Sandra Bullock was all set to take the role of Rafi Gardet in the movie "Prime," playing the 37-year-old woman who falls in love with a 23-year-old Jewish artist. But two weeks before shooting, Bullock pulled out. The actress told the trades the script hadn't been revised to her satisfaction, although writer/director Ben Younger insisted that he had gone over all script changes with Bullock. He also said he was perplexed by Bullock's sudden, lurching departure.
Now, a year later, as the film is being released to good reviews, there's just one word for the Bullock fiasco: Whatever.
That's because, shortly after Bullock's resignation, Uma Thurman signed on for the role.
In a role that seemed to be calling for the ultimate shiksa -- the unattainably perfect tall, blonde, very not Jewish woman, who could imagine anyone more perfect than Ms. "Kill Bill"/"Pulp Fiction"/"Truth About Cats and Dogs" Thurman?
"She's a shiksa goddess," Younger told The Journal.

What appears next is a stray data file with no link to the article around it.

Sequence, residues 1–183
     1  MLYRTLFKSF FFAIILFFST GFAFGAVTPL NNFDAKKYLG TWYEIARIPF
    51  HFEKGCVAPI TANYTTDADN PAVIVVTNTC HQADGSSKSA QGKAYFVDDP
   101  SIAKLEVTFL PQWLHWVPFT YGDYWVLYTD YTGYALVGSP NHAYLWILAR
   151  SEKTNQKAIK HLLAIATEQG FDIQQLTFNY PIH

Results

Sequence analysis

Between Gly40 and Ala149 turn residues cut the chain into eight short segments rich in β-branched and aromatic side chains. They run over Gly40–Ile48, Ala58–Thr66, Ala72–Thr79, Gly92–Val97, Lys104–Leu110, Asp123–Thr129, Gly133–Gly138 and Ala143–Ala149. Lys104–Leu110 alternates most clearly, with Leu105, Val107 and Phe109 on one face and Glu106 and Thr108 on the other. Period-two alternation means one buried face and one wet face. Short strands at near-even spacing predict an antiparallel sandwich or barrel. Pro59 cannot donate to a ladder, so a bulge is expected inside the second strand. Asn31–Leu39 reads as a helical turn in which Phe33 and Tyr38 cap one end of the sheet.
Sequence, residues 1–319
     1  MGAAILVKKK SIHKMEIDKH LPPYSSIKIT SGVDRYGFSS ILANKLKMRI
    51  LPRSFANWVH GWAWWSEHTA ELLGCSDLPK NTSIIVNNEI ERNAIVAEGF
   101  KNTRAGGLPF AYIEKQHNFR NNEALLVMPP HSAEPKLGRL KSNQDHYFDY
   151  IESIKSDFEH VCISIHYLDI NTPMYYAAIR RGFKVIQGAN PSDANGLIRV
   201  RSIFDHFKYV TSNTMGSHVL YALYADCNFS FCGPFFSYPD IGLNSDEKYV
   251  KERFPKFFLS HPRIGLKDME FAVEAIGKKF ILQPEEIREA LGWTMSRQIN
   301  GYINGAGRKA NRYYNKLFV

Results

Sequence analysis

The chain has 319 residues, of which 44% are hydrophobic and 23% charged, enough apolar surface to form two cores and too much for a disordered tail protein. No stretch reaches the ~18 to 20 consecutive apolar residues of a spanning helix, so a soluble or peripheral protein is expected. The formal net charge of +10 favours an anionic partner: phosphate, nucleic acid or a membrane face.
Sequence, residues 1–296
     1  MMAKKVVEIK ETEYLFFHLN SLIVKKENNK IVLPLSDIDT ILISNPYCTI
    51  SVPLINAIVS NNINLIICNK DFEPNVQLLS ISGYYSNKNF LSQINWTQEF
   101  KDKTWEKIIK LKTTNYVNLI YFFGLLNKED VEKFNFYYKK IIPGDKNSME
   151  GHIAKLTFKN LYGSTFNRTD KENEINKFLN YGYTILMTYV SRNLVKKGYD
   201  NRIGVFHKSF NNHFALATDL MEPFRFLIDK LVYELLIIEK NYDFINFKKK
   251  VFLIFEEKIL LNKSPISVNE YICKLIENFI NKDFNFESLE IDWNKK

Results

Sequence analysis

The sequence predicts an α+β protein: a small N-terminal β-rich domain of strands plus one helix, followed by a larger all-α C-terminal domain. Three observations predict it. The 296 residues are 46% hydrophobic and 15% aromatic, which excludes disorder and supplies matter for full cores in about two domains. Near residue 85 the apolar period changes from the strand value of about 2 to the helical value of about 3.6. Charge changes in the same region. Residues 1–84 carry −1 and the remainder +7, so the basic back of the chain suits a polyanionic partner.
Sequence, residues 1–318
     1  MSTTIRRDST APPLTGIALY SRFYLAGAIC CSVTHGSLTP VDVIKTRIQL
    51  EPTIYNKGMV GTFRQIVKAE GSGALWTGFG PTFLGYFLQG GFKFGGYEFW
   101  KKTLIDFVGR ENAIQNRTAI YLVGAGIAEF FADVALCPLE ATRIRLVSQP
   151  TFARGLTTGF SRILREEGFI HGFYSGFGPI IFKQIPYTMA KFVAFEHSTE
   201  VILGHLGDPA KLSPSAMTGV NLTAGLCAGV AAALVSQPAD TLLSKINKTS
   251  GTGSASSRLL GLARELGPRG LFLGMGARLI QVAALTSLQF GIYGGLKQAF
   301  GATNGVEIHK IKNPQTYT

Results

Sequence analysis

"She's someone who would be irresistible to a nice Jewish momma's boy," said the director, who grew up Modern Orthodox and went to yeshiva for elementary and high school.
Uma's character, Rafi, is for the most part, oblivious to the religious conflict raging between her boyfriend David Bloomberg (Bryan Greenberg) and his mother Lisa Metzger (Meryl Streep).
"There's a huge theme between the fact that she's sort of agnostic, probably a WASP, non-religious, and he comes from a strong Jewish background and heritage -- and that means a lot to him and his family," Thurman said. "And she's kind of outside.... In some way she's not welcome."
Thurman said her character is "just a typical open person who's not brought up with religion."
But that doesn't mean she won't fall for a Jewish boy. At one point, Rafi says to her therapist Streep (before confessing that she is dating the therapist's son): "You were so right about Jewish men. He's so attentive. I mean, of course, you know, you're married to one."
(The Streep character, more to herself than her client, says: "Yes, but he has A.D.D.")
Younger said Rafi is just expressing what's out on the street: "Non-Jewish women talk about it, how [Jewish men] are not afraid of closeness and intimacy."
So what is it about the shiksa goddess type that appeals so much to Jewish men?
"I don't think it's the taboo thing," Younger said. "I think it's about getting as far away as possible from what you grew up with. It's probably genetically healthy. I think everyone wants something different."
"Uma's the poster child for different as far as Jewish boys go," Younger said. "You don't see Uma at the Young Israel."